There is no sport better at creating and perpetuating the dumbest possible look for itself than baseball. One day we're watching along as the sport legitimately debates the merits of choking a teammate, the next we've got Bud Fucking Norris talking about culture and ethnicity. We're here today because USA Today did a study on "67 bench-clearing incidents in Major League Baseball over the past five seasons" and determined that an overwhelming majority of them pitted players of different ethnicities against each other. Half of the cases were white-American vs. Latino. This is your basic culture clash article we've read a million times in baseball with a weirdo study into bench clearing brawls as the new focus.
Most of the time, everyone involved in the debate speaks in coded language: "white players abide unwritten rules, Latinos are too flashy," or "white guys have names like Lenny, whereas black guys have names like Carl." But Bud Norris, a pitcher for the San Diego Padres with a 6.98 ERA this year, who willingly goes by the name "Bud" just dispatched with all of that.
This is amazing. I believe Bud Norris just said that baseball was invented in the United States and therefore if you come to play baseball in the United States, you better shape up or ship out. It is baseball's version of "Speak American." That is an incredible thing to say for a guy born all the way back in 1985. "You better have a pretty good understanding of what this league is and how long it's been around." A fair point. This league has been around since at least 1946, I'm told, which was the last year it was 100 percent white, despite far better African Americans playing in the Negro Leagues. (Also it was called the Negro Leagues. History!)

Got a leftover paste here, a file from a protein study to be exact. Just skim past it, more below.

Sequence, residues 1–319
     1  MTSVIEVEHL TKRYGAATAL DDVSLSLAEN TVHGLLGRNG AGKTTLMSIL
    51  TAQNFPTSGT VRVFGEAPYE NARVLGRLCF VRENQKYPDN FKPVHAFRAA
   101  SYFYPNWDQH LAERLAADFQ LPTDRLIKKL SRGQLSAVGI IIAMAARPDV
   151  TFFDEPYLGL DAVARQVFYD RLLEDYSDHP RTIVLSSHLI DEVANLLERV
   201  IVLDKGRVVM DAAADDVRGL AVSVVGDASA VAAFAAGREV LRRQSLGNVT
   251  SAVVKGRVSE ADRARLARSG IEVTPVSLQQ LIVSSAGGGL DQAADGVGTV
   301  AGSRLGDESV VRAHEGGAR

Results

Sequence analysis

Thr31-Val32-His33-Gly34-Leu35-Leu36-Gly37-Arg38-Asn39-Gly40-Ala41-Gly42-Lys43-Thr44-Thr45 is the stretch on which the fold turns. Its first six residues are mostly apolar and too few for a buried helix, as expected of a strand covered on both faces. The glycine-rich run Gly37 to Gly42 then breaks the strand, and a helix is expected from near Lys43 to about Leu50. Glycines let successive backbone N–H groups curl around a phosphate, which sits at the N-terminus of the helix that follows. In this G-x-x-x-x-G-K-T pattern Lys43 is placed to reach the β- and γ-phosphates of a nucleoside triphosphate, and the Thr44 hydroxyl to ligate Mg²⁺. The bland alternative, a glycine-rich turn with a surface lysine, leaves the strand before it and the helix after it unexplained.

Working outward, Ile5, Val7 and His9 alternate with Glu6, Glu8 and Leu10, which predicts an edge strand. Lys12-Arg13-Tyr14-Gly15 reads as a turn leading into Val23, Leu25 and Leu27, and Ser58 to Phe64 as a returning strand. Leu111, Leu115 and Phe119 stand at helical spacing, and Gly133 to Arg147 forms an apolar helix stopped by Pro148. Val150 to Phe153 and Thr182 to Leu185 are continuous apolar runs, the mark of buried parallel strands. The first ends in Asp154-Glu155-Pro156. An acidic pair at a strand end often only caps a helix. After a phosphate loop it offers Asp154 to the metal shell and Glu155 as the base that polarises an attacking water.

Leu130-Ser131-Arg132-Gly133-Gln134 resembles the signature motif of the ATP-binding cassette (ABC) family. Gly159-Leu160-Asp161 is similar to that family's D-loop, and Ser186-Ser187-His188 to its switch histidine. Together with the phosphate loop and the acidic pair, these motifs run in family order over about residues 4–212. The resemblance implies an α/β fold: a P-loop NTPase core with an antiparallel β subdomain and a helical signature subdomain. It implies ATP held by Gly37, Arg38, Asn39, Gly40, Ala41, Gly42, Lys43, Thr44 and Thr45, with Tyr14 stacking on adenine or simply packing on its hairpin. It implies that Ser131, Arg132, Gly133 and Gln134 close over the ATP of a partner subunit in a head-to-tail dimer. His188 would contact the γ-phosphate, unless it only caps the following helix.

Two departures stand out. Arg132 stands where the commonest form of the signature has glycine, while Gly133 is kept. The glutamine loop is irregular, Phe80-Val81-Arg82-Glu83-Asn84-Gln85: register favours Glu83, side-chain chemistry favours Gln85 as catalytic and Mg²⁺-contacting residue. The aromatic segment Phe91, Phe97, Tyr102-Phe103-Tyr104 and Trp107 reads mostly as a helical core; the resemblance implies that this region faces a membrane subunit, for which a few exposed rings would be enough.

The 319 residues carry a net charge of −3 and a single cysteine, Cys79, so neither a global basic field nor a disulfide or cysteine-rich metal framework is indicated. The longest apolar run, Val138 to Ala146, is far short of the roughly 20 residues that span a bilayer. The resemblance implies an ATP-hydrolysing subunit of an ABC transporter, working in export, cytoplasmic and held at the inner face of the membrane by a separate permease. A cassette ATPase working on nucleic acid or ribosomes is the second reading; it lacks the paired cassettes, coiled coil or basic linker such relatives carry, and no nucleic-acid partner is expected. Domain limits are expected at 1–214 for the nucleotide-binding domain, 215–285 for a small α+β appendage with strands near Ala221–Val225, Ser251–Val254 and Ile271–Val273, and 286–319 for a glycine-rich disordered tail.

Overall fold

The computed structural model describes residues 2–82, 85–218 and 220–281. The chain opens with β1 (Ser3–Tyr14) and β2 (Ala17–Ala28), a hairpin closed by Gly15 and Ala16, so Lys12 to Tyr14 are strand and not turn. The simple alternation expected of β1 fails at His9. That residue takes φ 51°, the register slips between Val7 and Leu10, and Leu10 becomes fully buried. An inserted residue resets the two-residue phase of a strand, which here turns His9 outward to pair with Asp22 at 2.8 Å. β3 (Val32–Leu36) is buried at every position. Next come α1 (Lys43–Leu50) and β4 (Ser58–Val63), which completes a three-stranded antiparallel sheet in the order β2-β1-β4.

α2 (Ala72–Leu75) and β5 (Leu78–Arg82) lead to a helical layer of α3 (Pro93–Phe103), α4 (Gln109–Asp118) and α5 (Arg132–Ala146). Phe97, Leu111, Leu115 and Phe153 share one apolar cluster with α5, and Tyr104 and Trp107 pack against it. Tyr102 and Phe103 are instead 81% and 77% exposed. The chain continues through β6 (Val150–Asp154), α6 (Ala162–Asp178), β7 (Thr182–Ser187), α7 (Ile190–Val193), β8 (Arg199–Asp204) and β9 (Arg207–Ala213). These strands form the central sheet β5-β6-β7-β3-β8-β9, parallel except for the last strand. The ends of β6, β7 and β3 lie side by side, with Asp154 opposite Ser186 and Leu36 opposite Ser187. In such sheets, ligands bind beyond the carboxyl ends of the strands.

The simple fact is many people are assholes, which means many athletes are assholes and perhaps even a higher proportion of athletes are assholes because athletics rely on arrogance and cartoonish self confidence to produce greatness. When a player gets pissed off about a specific incident with a specific person, it is because he is shamed. He failed when his entire life is premised on victory. So now he's angry, but he needs a reason better than "I failed" because that just does not compute. So he latches on to a secondary grievance: flashiness, pimping a home run, whatever. Which then becomes a culture thing and then it becomes self-fulfilling; he doesn't even realize he's doing it.
This goes for fans, too. If you take the time to think about this logically and unemotionally, you realize that the reason you hate, say, Edwin Encarnacion's Parrot Elbow thing is because you're a Yankees fan and he just hit a home run against you. Sure, you tell yourself that it's because he's showing up the pitcher or something, but deep down in that rotten sports-obsessed heart you know it's because the home run makes you feel bad. So you yell about how the Bad Man should have some damn respect and not do the Bad Thing that you don't like. It is a sports defense mechanism and everyone does it. Throw in some casual racism and you've got yourself an ethnic divide.
But there is no "culture shock," Bud, there are only people trying to process failure. And it turns out we're no good at that, either.